Ohio University’s Presidential Policy Advisory Group will draft considerations for a new Freedom of Expression policy, which will be released next week.
The Presidential Policy Advisory Group has drafted 28 considerations, which will turn into recommendations to be discussed with the public at an upcoming open forum. Eventually, those recommendations will be sent to OU President Duane Nellis and interim Executive Vice President and Provost Elizabeth Sayrs.
The considerations will be included in a document that will be sent out through University Communications and Marketing by next Wednesday.
“The considerations that we’re putting forward — some of those are very general about the principles that should underlie a new revision or a new policy, and others are very specific about things that should be in or not in the policy that’s created to replace the interim one,” Scripps College of Communication Dean Scott Titsworth said.
On Monday night, the policy advisory group discussed how they will present and explain the considerations.
Although on Feb. 16, Nellis extended the interim policy for six more months, the group plans to have a new policy in place before the semester ends. The group will meet again after the open forum and spring break, which runs March 12-16.
“What we’re working on for the rest of this week is really individual members providing any additional editorial comments on the considerations,” Titsworth said.
Members are working to finalize the format of the considerations. They are also compiling the list of themes, which resulted from comments made about the interim policy.
“When we release the documents, people in the university community will be able to see the list of themes that we observed inside the comments on the policies and then also a separate document will be able to look through the recommendations that we came up with,” Titsworth said.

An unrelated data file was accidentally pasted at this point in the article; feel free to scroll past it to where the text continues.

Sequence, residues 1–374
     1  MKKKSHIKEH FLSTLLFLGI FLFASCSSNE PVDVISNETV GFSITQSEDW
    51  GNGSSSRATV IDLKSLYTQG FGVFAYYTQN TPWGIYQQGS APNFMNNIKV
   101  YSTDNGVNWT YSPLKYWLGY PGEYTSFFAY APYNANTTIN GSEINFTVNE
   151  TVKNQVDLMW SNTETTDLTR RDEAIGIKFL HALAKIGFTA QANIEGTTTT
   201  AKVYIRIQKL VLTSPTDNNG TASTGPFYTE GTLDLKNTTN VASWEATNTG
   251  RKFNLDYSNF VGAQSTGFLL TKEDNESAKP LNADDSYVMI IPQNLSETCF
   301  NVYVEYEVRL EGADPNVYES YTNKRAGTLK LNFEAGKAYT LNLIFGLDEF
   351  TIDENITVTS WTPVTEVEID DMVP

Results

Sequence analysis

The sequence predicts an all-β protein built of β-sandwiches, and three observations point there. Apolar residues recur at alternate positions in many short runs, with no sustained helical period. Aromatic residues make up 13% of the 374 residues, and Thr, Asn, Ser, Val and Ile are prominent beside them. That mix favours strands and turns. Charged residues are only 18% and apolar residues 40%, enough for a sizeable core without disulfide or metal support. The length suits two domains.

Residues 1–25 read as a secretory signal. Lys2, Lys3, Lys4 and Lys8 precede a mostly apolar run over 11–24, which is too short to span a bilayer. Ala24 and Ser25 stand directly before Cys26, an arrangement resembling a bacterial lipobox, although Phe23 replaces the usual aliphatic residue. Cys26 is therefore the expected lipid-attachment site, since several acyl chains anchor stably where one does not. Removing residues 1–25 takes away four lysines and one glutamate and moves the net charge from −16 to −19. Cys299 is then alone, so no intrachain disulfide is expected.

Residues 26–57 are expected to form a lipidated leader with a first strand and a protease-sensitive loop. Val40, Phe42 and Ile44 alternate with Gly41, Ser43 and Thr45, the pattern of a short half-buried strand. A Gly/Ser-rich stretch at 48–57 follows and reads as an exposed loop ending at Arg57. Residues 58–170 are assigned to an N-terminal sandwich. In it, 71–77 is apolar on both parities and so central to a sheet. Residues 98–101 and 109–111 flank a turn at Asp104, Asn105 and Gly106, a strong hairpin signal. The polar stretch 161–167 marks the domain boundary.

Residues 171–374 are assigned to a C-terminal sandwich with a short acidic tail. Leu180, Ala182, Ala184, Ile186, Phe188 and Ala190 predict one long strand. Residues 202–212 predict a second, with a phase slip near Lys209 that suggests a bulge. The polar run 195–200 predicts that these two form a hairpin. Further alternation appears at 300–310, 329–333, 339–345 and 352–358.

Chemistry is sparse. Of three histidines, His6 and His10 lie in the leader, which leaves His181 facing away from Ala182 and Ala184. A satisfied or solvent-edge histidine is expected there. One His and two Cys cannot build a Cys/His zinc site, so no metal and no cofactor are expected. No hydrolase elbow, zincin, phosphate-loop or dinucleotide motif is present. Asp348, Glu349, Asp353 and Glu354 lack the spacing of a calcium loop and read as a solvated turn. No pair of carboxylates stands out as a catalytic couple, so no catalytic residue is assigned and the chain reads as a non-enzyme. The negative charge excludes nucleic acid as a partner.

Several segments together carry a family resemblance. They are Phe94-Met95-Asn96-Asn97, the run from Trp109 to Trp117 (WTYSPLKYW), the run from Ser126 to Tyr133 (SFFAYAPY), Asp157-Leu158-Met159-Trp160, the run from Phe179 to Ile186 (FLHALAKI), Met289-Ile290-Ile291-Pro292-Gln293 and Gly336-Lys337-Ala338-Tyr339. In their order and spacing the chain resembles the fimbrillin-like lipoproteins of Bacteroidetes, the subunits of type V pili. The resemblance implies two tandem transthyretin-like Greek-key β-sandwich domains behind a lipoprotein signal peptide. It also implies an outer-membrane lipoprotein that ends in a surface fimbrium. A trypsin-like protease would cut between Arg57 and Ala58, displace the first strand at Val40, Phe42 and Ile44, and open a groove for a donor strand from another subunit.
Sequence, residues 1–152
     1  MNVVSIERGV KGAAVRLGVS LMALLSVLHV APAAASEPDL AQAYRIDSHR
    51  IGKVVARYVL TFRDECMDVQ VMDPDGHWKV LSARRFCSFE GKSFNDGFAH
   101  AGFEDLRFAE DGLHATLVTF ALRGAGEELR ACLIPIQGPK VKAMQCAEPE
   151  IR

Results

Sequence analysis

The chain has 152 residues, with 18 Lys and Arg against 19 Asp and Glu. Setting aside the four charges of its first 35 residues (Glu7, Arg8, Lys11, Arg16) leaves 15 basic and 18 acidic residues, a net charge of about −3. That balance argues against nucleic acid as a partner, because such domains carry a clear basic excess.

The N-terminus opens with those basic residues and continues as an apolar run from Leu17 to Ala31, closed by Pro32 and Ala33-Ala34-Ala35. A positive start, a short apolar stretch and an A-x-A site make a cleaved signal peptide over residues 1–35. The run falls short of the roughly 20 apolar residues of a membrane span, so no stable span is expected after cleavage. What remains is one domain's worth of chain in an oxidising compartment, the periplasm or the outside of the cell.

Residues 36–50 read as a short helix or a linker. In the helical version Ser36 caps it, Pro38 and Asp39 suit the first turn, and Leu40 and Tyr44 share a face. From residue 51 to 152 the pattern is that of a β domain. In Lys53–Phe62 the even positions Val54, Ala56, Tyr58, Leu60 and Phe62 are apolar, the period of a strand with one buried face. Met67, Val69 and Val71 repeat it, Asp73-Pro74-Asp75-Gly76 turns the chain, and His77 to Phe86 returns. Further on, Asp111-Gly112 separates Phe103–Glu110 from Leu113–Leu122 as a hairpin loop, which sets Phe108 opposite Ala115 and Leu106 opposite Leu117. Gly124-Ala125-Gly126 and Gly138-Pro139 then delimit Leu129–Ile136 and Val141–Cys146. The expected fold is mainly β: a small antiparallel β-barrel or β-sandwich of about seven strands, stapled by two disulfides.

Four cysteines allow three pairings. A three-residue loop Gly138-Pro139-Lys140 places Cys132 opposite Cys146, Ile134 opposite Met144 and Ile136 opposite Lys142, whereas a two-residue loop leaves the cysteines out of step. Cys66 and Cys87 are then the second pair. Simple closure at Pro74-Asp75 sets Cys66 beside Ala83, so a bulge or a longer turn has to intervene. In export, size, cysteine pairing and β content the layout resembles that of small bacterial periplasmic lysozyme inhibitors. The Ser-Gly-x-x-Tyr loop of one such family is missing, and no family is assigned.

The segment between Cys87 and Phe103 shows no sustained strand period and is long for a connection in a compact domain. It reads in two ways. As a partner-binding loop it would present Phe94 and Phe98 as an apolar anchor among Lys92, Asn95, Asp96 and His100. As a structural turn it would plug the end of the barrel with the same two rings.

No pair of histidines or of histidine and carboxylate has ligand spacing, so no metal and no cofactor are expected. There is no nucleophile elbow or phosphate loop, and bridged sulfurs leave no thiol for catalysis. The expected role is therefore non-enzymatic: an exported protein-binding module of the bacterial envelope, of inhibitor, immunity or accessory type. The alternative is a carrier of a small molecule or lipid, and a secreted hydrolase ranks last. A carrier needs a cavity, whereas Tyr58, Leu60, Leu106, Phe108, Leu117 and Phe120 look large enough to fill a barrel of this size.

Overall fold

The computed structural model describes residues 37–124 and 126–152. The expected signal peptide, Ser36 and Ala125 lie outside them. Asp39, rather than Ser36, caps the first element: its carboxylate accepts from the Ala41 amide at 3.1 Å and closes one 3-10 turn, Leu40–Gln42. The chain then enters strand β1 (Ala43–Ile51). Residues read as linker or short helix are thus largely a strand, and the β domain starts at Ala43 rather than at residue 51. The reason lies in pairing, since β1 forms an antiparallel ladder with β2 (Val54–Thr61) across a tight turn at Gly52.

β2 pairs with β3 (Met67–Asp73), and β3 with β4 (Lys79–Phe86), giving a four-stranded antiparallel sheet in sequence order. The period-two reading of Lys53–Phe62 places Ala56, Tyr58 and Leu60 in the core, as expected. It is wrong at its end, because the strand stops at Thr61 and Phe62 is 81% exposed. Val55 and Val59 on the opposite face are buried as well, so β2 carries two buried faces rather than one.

The group’s work will conclude when it sends a report to Nellis.
The open forum will be held March 21 from 5:30-7 p.m. in Baker Center Ballroom A, University Spokeswoman Carly Leatherwood said.
During that forum, students, faculty and staff will have the opportunity to provide feedback on policy considerations.
The policy regarding the use of indoor spaces prompted the Ohio ACLU to hold a forum Feb. 20.
“The list of considerations we will have, several of them will touch on the use of indoor spaces,” Titsworth said. “So that’s certainly being reflected in our deliberation right now and will be represented quite specifically in the consideration that we will release sometime next week or shortly thereafter.”
The policy group allows public comments through its website, but Faculty Senate members have had direct contact with administrators about the policy.
Before the policy was renewed, Faculty Senate Chair Joe McLaughlin sent an email to Sayrs suggesting the removal of the provision banning “demonstrations, rallies, public speech-making, picketing, sit-ins, marches, protests, and similar assemblies” inside university buildings.
“In the Freedom of Expression policy, there was one … section in particular that said the use of indoor spaces for all of these activities is prohibited,” McLaughlin said. “I just kind of reminded them ... this is the paragraph that caused the trouble and was universally criticized.”
Because the considerations are not the entire final report, it will not include all the information that could be submitted to the president and provost.
“There will be some other information that will go into the final report, so that will be a slightly larger document than what will be available in the next week,” Titsworth said. “But this is the crux of what we want people to look at in preparation of the public forum.”
Correction: A previous version of this report mischaracterized what would be released by next Wednesday. The article has been updated to reflect the most accurate information.